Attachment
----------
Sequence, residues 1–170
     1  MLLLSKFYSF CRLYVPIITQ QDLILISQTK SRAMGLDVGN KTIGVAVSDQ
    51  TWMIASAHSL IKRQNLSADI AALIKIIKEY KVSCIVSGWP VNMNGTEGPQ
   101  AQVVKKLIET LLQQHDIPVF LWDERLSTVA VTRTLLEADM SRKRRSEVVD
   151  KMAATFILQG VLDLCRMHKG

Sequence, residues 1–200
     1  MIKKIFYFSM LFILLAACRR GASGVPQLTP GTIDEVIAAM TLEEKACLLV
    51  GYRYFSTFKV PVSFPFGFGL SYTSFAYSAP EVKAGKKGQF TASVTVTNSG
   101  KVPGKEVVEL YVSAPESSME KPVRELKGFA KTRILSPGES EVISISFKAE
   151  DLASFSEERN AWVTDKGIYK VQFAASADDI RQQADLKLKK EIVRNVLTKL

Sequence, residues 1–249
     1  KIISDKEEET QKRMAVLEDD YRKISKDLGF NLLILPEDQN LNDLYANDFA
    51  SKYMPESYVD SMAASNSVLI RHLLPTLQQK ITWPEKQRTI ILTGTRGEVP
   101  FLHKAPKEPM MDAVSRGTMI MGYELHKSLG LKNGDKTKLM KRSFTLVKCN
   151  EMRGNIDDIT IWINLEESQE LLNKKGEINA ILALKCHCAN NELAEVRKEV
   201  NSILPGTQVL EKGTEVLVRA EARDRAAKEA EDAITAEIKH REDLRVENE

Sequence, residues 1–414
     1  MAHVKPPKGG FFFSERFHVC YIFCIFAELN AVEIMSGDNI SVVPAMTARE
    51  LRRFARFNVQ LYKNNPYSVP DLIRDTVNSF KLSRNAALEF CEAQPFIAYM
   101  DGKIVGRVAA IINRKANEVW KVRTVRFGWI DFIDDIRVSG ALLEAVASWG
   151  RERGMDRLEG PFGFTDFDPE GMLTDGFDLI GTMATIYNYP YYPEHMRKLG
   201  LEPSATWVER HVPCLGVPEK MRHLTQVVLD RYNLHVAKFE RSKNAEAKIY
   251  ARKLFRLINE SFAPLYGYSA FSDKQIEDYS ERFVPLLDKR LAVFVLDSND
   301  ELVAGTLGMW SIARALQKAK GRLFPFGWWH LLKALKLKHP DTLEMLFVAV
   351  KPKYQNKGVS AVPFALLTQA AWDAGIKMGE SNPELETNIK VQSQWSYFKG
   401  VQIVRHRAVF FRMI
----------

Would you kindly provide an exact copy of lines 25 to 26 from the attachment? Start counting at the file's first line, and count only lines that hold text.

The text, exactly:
   351  KPKYQNKGVS AVPFALLTQA AWDAGIKMGE SNPELETNIK VQSQWSYFKG
   401  VQIVRHRAVF FRMI